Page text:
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    Maybe I’m missing something obvious, but how is it different and why is it better than subtyping (extending a type)?

    e.g. type ConfirmedEmailAddress extends string

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      In a nutshell, Elm’s opaque types give you a way to define types like ConfirmedEmailAddress without leaking their implementation details. This is impossible in TypeScript.

      I think I see where you’re going with your suggestion, but it won’t compile. The extends keyword is limited to interfaces and generics. Subtyping does exist in TypeScript, but it’s structural, i.e. in objects and interfaces. And even so, TypeScript will not distinguish between a ConfirmedEmailAddress object and an UnconfirmedEmailAddress object if their shape is the same. The author describes underscore-prefixed, pseudo-private properties as “branded types.” I hadn’t heard that term before, but underscores are all over the place in many languages and there’s always someone who ends up violating it out of some combination of desperation and expediency. Elm’s opaque types give you a guarantee that they are, to borrow a C# metaphor, sealed.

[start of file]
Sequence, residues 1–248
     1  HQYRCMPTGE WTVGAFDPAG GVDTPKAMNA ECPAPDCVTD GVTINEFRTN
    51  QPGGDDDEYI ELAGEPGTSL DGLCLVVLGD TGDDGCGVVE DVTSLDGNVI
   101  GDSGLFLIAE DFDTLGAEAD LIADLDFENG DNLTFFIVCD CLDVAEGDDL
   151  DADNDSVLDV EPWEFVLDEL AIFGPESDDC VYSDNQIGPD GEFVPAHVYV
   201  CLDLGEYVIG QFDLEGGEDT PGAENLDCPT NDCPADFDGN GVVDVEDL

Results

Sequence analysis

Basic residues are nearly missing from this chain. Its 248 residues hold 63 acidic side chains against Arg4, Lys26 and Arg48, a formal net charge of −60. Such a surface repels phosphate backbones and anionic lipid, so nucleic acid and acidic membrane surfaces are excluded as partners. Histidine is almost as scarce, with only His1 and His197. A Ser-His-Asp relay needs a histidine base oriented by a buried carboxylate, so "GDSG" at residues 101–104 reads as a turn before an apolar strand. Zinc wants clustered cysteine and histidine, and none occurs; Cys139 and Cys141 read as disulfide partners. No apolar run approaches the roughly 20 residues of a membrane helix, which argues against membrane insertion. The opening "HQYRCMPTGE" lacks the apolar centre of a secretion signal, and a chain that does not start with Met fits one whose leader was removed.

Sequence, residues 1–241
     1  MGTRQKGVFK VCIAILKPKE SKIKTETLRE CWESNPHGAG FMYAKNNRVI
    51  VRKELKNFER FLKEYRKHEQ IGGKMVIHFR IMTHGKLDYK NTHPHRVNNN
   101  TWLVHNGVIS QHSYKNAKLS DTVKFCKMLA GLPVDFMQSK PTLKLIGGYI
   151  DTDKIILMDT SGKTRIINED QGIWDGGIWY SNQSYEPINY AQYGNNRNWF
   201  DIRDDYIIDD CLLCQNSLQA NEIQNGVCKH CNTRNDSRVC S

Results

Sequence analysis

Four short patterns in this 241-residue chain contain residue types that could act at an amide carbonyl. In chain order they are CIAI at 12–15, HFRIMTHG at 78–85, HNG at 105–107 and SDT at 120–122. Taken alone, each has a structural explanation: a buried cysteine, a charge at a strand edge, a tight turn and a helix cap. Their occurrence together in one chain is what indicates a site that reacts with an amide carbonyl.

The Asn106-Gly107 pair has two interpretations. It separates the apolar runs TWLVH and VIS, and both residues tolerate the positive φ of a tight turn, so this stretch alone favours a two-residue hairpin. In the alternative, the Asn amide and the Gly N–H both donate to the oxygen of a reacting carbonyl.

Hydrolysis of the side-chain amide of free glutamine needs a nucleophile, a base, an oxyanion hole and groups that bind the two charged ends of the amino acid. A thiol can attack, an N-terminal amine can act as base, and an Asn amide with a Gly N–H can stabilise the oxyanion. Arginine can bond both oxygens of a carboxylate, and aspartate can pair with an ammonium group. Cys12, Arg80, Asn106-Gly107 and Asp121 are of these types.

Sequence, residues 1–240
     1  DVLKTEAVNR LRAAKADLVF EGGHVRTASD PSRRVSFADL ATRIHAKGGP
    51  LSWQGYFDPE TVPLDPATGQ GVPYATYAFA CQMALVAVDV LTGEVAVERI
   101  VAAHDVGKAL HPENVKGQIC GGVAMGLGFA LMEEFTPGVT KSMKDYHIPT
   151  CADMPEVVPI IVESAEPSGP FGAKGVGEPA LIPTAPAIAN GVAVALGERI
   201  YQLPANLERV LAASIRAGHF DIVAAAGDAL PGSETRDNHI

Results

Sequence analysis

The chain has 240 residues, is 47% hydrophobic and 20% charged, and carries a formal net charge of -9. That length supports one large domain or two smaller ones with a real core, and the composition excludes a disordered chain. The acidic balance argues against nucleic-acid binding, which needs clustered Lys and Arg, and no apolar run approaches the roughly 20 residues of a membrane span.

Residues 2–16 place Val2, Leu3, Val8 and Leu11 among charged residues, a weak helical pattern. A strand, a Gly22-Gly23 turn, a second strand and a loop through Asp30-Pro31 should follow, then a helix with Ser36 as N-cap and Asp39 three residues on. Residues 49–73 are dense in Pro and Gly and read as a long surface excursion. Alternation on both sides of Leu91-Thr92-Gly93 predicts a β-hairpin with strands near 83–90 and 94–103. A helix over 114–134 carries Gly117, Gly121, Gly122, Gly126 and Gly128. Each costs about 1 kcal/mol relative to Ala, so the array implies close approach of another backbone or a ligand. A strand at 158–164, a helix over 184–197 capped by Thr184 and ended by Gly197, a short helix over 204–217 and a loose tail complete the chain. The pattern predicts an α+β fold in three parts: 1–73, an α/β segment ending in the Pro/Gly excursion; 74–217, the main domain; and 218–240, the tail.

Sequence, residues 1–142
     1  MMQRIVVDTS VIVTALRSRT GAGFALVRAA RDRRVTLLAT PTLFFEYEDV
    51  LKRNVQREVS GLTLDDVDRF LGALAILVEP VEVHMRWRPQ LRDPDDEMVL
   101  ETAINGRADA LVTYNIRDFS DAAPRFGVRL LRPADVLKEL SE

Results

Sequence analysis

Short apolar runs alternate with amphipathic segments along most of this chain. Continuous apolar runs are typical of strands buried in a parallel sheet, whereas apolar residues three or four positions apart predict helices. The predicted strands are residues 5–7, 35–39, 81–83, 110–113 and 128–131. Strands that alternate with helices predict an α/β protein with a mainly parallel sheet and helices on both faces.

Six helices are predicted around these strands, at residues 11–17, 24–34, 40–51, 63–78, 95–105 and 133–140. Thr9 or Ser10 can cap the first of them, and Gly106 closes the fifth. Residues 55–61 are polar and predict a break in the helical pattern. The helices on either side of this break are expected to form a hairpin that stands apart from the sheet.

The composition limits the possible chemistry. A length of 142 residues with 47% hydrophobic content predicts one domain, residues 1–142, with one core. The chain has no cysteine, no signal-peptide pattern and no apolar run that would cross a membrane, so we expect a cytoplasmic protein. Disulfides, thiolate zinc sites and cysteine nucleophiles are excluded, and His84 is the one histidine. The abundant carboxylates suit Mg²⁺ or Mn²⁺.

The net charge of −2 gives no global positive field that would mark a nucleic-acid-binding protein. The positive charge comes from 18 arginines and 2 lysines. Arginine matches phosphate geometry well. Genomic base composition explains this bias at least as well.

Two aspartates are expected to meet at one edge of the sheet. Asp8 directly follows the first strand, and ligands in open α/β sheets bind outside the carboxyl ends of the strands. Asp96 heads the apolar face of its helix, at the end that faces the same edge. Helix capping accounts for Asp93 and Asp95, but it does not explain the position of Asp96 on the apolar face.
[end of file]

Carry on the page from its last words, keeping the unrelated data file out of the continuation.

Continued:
In fairness, Elm and TypeScript were designed with different priorities in mind. TypeScript was designed to take the messy world of untyped JavaScript and incrementally add types to it. Duck typing is pretty consistent with that pragmatism. You can call it ConfirmedEmailAddress if you like, but if it walks like a string and talks like a string, TypeScript is going to treat it like a string.

      Elm, on the other hand, was designed to draw a sharp line with a functionally pure world (where the emphasis is on making impossible states impossible) on one side and the messy outside world (where anything goes) on the other.